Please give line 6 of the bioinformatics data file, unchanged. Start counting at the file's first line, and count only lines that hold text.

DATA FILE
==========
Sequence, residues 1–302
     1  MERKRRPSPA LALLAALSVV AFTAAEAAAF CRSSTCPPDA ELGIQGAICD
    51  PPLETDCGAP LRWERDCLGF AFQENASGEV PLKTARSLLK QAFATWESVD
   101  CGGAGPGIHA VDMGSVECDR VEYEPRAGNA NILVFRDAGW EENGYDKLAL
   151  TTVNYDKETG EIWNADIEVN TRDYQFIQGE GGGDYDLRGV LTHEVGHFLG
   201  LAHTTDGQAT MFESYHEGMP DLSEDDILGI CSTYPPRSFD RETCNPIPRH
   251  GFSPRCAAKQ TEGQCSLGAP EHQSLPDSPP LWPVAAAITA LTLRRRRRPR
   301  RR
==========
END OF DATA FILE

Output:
   201  LAHTTDGQAT MFESYHEGMP DLSEDDILGI CSTYPPRSFD RETCNPIPRH